In eleventh-hour fashion, Roku announced Wednesday that it has reached an agreement with Google on a new multi-year extension to an agreement to keep the main YouTube app and (restored) YouTube TV live streaming service available for new Roku device owners in the Roku Channel Store.

The agreement extension was announced just a day before the previous agreement for YouTube carriage was to expire. Roku’s agreement for the YouTube TV live streaming app expired last April, forcing its removal from the Roku store, but pre-existing Roku users could continue to view the subscription service through an addition by Google to the regular YouTube app.

Under the new agreement the YouTube Live app will return to the Roku Channel Store along with the main YouTube app.

Heading toward the Thursday deadline, it appeared the main YouTube app was also destined to disappear from the channel store, although Google assured pre-existing account holders that the previously downloaded YouTube app would continue to work after the deal expired.

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Neither party would disclose specific terms of the new agreement, although Google was reportedly insisting that Roku support various features that other platform partners weren’t required to support.

In a terse statement Wednesday, Roku said: “Roku and Google have agreed to a multi-year extension for both YouTube and YouTube TV. This agreement represents a positive development for our shared customers, making both YouTube and YouTube TV available for all streamers on the Roku platform.”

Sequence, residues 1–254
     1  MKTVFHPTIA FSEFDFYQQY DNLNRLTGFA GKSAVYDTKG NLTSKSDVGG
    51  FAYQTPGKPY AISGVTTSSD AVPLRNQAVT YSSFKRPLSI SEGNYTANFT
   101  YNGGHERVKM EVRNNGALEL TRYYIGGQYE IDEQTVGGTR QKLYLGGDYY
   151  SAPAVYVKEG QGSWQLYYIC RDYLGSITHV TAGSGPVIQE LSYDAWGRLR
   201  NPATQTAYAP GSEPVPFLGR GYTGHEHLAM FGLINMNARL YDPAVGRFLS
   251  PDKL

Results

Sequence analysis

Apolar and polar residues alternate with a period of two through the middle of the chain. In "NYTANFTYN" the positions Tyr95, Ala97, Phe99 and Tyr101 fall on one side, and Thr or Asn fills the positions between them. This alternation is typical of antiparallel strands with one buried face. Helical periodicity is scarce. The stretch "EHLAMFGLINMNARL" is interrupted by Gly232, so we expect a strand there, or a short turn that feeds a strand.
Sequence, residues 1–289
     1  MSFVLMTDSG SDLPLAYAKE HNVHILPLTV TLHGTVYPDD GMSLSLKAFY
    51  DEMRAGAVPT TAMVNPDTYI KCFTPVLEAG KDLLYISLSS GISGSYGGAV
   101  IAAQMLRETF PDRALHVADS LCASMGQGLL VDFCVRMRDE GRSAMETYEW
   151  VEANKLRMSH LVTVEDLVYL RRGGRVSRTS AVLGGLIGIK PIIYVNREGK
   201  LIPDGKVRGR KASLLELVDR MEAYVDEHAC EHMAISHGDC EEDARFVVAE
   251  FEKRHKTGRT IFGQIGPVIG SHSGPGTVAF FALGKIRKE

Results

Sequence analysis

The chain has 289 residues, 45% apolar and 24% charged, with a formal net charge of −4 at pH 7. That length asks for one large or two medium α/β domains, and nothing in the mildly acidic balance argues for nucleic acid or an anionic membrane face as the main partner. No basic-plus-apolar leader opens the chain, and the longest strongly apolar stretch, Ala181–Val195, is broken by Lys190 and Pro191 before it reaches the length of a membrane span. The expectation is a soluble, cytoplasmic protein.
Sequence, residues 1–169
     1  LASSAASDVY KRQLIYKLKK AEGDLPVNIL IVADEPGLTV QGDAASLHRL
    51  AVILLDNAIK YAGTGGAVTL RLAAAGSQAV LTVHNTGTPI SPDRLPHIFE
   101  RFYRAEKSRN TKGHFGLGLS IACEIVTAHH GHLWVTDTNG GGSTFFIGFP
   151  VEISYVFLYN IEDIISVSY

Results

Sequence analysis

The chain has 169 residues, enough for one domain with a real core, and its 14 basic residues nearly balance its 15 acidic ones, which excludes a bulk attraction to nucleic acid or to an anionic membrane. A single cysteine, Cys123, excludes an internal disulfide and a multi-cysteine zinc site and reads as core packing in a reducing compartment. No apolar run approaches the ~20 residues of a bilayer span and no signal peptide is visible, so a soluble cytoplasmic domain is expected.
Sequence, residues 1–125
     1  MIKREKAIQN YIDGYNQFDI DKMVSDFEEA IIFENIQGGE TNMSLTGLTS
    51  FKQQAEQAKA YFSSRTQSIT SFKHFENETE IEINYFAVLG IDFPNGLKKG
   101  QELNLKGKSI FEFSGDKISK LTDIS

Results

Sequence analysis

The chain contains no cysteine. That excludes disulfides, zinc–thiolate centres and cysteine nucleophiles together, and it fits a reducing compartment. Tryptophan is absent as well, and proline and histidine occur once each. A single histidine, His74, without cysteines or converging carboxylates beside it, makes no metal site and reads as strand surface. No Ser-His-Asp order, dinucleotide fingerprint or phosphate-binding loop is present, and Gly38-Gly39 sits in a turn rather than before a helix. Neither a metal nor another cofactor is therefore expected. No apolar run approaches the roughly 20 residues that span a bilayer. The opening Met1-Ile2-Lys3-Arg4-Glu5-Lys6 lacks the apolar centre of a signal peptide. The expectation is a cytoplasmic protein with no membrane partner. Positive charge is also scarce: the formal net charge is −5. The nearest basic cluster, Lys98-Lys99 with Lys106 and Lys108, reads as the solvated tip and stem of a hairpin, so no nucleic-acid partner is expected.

A Roku spokesperson could not comment further at this time.

The announcement sent Roku’s stock price climbing nearly 20% after a steady decline in recent weeks.

For a while, the chances the two companies would reach an agreement seemed bleak. Roku had earlier complained that Google was unreasonably mandating it implement special search, voice and data features for YouTube. Roku has previously said it wasn’t receiving any revenue from the YouTube services.

Google was also reportedly requiring Roku devices to support the new AV1 codec to which the streaming service had begun to transition certain files. However, the royalty free codec also requires more powerful processing than most legacy Roku devices typically have.

Roku had previously started to implement AV1 support in certain models of its step-up streaming adapters, however.

This and other requirements were potentially at odds with Roku’s business model centered around offering affordable devices and a robust selection of streaming media devices.

Stay tuned for further updates.

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By Greg Tarr

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